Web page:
Trying to remember how to study. It's been a while, but I used to be pretty good at it. Guess, it's the same as any other skill - use it or lose it. Right now I am feeling something similar to what I feel on the dance floor - I know I used to be able to do this and that, but now I either can't or am much worse at it! It is getting better, though, and I have 1.75 more years to practice.
Management - it's interesting how many of the cases are intertwined with real life. This morning we had a case about Automated Travel Systems, an end-of-the-nineties startup. The developers were holding the founder and then the CEO hostage asking for higher and higher raises or threatening to quit. And they weren't paying too badly - the chief programmer (chief, but still programmer, not manager) was getting $180K plus equity! The company was trying to build an engine to search for the best price for airline tickets, with customers like LowestFare.com and Priceline.com. Incidentally, nevsky works for their direct competitor, so I was somewhat familiar with the industry, which was fun to share. After about an hour long discussion of the case, the professor said that we had a guest in class, who turned out to be the company's founder! Here we were, a bunch of know-it-alls talking about solutions to his problems and he was just sitting there listening all this time. It was quite humbling and yet very insightful to talk to him. Seth Perelman started the company at age 20, after having dropped out of Brandeis, and now, with ATS gone (it was sold on not very good terms in the summer of 2000), he has started another company, which he hopes to be much more successful, building on his prior experience. I mentioned nevsky's company again, and he said that competition was one of the motivating factors at the time - his chief programmer was a CMU grad working against a bunch of MIT grads up in Boston. Guess, MIT won!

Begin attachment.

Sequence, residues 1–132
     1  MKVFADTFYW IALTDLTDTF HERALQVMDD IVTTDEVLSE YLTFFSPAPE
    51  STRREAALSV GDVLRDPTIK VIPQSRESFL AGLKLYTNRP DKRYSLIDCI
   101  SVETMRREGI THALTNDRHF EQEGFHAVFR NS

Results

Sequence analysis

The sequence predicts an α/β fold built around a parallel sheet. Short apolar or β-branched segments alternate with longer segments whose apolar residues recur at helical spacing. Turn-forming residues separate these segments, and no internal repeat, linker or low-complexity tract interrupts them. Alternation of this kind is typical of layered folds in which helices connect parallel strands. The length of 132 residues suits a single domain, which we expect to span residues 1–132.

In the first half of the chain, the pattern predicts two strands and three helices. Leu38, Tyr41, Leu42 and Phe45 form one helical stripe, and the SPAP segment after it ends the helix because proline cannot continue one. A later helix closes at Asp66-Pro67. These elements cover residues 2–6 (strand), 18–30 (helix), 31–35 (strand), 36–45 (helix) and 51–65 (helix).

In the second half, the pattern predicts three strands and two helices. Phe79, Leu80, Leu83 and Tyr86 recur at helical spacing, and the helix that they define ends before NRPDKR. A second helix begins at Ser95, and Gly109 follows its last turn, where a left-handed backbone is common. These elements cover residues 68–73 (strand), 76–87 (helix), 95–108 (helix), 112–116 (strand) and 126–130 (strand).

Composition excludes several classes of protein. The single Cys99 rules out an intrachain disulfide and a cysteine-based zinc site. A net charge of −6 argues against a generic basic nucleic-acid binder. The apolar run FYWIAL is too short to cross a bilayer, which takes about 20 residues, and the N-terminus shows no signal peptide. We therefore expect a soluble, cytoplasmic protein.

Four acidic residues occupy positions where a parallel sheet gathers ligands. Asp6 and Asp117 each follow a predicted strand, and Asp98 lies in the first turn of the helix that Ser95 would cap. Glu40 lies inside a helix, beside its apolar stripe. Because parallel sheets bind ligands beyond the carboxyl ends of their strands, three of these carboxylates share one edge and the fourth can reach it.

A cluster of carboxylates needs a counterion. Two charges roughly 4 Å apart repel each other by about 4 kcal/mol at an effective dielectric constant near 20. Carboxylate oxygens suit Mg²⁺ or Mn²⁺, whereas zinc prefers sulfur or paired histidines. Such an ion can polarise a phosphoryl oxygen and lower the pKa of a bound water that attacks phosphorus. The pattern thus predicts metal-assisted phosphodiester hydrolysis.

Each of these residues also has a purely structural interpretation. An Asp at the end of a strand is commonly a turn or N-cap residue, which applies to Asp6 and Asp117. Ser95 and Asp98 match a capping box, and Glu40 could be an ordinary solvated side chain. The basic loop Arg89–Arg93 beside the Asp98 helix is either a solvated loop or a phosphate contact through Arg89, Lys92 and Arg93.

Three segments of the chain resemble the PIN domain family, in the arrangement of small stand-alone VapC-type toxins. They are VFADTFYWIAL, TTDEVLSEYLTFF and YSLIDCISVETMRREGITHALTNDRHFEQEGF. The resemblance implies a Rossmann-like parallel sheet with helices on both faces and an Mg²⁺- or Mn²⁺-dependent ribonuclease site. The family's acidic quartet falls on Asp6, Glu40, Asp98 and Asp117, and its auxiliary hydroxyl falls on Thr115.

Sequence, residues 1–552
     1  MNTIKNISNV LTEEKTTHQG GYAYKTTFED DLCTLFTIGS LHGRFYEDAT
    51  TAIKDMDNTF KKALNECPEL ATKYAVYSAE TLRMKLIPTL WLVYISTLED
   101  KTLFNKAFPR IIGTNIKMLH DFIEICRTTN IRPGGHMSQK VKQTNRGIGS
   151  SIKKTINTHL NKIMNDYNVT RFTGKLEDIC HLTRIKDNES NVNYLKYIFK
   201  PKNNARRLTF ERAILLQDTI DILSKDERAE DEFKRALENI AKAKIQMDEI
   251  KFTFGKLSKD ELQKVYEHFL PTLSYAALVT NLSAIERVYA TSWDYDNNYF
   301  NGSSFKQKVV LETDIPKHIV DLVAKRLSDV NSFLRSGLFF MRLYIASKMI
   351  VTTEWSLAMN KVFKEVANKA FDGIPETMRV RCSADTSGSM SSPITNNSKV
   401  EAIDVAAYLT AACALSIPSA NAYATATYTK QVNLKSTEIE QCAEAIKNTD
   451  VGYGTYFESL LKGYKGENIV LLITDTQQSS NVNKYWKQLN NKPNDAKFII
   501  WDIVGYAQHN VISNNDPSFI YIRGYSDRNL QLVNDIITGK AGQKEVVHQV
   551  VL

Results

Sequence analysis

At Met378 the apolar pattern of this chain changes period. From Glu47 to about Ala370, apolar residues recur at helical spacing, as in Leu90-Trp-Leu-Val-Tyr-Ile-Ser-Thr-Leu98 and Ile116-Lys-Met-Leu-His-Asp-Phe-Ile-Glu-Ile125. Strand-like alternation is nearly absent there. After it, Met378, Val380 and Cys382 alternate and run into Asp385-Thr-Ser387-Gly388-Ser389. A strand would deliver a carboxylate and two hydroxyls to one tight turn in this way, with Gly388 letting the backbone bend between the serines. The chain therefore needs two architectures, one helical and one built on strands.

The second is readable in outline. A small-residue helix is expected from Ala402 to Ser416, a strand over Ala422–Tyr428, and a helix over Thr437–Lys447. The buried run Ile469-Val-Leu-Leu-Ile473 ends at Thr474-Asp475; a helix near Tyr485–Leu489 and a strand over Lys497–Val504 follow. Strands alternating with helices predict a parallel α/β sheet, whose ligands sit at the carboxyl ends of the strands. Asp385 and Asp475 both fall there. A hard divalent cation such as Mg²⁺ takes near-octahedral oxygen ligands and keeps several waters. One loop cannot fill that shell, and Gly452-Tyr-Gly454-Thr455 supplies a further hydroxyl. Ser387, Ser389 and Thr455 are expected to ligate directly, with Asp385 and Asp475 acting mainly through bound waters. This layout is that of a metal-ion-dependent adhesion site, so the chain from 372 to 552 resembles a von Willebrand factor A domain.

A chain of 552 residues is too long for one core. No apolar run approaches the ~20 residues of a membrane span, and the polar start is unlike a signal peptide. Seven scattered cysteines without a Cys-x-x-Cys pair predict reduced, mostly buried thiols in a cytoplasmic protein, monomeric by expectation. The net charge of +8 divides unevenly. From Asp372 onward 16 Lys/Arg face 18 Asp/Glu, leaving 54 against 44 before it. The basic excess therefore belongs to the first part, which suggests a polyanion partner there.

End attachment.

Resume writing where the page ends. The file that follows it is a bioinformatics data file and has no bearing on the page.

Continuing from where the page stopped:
On to the Cisco case, talking about the Cisco strategy of buying startups both for their new products and the people. Well, what do you know, a friend of mine has gone through a Cisco acquisition and told me how it went from the inside. The case was talking of the acquisitions of the late nineties, but his company was acquired in 2002, so I shared my knowledge of the story and it was fun comparing the then and now.
Other companies seem to come up time and again in various readings, known for the same qualities:
Nordstrom - customer service
Southwest - reinventing the airline industry
GE - be #1 or 2 in each industry
McKinsey - retaining of good relations with former employees
IBM - strong culture
International Study Tour - we thought we could just go anywhere we want. Well, not that simple. We, as a class, can only choose one of four regions, with Wharton choosing the city within the specific city within the region:
1) Northern Europe - London, Amsterdam-Brussels, or Paris
2) Central-Southern Europe - Frankfurt, Milan, or Madrid/Barcelona
3) North-Eastern Asia - Tokyo-Osaka, Shanghai, or Hong Kong-Guangzhou
4) South-East Asia - Singapore-Kuala Lumpur or Bangkok
It's interesting how our choices change. Given these choices in Russia, I think most would have chosen region 1. Here and now - the least likely candidate, in my opinion. It's just too boring. Well, I think I've made up my mind, and will be participating in the class selection committee. Any thoughts while I try to catch some sleep for the 8am Econ midterm tomorrow morning?